Secondary Logo

Journal Logo

Institutional members access full text with Ovid®

INCREASED INCIDENCE OF PEPTIC ULCER DISEASE IN CENTRAL SEROUS CHORIORETINOPATHY PATIENTS

A Population-Based Retrospective Cohort Study

Chen, San-Ni MD*,†,**; Lian, Iebin PhD; Chen, Yi-Chiao MS; Ho, Jau-Der MD§,¶

doi: 10.1097/IAE.0000000000000278
Original Study
Buy
SDC

Purpose: To investigate peptic ulcer disease and other possible risk factors in patients with central serous chorioretinopathy (CSR) using a population-based database.

Methods: In this population-based retrospective cohort study, longitudinal data from the Taiwan National Health Insurance Research Database were analyzed. The study cohort comprised 835 patients with CSR and the control cohort comprised 4175 patients without CSR from January 2000 to December 2009. Conditional logistic regression was applied to examine the association of peptic ulcer disease and other possible risk factors for CSR, and stratified Cox regression models were applied to examine whether patients with CSR have an increased chance of peptic ulcer disease and hypertension development.

Results: The identifiable risk factors for CSR included peptic ulcer disease (adjusted odd ratio: 1.39, P = 0.001) and higher monthly income (adjusted odd ratio: 1.30, P = 0.006). Patients with CSR also had a significantly higher chance of developing peptic ulcer disease after the diagnosis of CSR (adjusted odd ratio: 1.43, P = 0.009).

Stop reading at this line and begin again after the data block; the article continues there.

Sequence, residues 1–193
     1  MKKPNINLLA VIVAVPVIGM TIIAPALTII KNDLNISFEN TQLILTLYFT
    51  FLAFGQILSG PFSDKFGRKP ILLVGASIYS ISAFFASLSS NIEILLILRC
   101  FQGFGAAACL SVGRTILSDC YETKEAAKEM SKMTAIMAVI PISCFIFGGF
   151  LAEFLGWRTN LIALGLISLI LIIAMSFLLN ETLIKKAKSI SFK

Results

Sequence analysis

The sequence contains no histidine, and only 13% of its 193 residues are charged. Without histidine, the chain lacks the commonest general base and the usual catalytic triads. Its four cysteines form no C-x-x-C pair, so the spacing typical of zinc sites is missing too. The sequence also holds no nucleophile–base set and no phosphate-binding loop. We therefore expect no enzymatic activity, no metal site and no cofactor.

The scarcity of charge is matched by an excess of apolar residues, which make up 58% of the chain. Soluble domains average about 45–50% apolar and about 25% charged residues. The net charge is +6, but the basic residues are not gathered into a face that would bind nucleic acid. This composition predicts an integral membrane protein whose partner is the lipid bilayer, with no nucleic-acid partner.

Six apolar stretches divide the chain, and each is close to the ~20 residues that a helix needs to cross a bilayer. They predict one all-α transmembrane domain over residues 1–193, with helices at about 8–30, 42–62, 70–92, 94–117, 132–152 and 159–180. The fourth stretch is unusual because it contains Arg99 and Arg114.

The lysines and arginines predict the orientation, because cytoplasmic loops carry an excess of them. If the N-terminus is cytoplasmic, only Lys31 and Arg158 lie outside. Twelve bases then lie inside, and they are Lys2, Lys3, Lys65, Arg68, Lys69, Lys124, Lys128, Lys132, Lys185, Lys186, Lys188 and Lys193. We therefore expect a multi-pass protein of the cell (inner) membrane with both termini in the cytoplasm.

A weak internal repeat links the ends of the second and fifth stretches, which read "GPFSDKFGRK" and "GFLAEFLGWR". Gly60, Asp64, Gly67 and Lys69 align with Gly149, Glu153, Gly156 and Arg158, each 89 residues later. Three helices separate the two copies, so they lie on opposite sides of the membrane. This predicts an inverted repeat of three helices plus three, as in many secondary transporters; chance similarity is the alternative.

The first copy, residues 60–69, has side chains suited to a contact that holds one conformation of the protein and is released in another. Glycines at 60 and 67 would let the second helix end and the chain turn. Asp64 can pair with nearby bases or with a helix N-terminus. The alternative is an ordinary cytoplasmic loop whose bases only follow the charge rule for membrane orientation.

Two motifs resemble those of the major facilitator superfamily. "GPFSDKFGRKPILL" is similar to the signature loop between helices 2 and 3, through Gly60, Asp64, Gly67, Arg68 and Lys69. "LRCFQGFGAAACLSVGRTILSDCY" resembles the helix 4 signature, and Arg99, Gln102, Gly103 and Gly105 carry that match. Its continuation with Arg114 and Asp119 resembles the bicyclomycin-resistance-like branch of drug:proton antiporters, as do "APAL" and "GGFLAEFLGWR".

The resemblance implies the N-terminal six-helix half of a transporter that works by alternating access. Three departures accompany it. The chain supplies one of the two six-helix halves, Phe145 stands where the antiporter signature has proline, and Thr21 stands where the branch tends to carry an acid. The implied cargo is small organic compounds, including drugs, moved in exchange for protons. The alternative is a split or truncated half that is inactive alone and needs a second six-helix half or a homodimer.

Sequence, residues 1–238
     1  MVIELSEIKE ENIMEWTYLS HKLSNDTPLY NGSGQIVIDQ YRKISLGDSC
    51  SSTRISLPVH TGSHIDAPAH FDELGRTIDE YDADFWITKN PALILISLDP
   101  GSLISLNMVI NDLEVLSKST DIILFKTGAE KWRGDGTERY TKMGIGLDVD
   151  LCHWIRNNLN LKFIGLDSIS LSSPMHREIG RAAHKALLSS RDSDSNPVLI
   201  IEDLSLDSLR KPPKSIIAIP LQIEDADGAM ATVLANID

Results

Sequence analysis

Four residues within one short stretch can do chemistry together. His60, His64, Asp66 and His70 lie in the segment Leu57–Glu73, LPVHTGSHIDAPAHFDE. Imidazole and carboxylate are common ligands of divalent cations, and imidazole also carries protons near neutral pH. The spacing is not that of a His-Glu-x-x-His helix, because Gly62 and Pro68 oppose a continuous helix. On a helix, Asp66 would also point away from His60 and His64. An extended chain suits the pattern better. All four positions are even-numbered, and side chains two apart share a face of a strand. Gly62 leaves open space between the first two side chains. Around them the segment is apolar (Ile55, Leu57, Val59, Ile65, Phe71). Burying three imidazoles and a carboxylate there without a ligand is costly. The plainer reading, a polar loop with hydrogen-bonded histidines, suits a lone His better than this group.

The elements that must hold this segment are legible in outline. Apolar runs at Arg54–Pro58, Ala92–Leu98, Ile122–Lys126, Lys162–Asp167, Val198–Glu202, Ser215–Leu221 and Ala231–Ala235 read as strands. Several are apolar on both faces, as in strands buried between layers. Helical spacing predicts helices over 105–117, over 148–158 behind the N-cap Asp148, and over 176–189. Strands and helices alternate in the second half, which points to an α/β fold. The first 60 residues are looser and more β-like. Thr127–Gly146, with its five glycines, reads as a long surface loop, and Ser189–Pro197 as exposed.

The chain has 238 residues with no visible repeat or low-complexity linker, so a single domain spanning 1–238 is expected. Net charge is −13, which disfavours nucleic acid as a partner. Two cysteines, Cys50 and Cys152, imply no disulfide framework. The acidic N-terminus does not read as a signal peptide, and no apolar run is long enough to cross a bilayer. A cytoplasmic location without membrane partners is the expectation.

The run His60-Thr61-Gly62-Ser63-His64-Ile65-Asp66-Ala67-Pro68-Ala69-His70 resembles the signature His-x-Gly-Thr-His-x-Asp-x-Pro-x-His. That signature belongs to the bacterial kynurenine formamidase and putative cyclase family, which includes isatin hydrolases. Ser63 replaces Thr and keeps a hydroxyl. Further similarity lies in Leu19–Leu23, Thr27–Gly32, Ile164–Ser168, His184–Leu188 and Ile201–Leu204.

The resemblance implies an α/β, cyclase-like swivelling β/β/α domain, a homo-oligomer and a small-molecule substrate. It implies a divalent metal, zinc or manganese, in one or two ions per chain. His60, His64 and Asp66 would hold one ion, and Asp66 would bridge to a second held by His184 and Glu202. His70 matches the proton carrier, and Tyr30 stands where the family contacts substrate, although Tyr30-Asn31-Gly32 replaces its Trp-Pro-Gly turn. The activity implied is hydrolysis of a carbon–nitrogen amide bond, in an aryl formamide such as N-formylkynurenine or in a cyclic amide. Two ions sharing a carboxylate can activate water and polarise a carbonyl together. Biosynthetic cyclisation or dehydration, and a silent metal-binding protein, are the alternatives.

Conclusion: Peptic ulcer disease and higher monthly income are independent risk factors for CSR. Whereas, patients with CSR also had increased risk for peptic ulcer development.

Peptic ulcer is a risk factor for central serous chorioretinopathy. Patients with central serous chorioretinopathy also have higher risk of developing peptic ulcer.

*Department of Ophthalmology, Changhua Christian Hospital, Changhua, Taiwan;

School of Medicine, Chung Shan Medical University, Taichung, Taiwan;

Graduate Institute of Statistics and Information Science, National Changhua University of Education, Changhua, Taiwan;

§Department of Ophthalmology, Taipei Medical University Hospital, Taipei, Taiwan;

Department of Ophthalmology, Taipei Medical University, Taipei, Taiwan; and

**School of Medicine, Kaohsiung Medical University, Kaohsiung, Taiwan.

Reprint requests: San-Ni Chen, MD, Department of Ophthalmology, Changhua Christian Hospital, No. 135, Nan-Hsiao Street, Changhua City, 500 Taiwan; e-mail: 108562@cch.org.tw

Supplemental digital content is available for this article. Direct URL citations appear in the printed text and are provided in the HTML and PDF versions of this article on the journal's Web site (www.retinajournal.com).

None of the authors have any financial/conflicting interests to disclose.

© 2015 by Ophthalmic Communications Society, Inc.